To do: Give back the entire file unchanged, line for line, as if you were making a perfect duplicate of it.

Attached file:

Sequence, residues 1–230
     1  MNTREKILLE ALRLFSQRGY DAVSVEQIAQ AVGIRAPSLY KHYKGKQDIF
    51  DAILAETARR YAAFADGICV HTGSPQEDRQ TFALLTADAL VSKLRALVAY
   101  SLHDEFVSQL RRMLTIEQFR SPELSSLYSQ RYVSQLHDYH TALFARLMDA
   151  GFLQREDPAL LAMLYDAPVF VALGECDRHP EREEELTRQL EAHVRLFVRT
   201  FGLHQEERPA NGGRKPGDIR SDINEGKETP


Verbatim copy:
Sequence, residues 1–230
     1  MNTREKILLE ALRLFSQRGY DAVSVEQIAQ AVGIRAPSLY KHYKGKQDIF
    51  DAILAETARR YAAFADGICV HTGSPQEDRQ TFALLTADAL VSKLRALVAY
   101  SLHDEFVSQL RRMLTIEQFR SPELSSLYSQ RYVSQLHDYH TALFARLMDA
   151  GFLQREDPAL LAMLYDAPVF VALGECDRHP EREEELTRQL EAHVRLFVRT
   201  FGLHQEERPA NGGRKPGDIR SDINEGKETP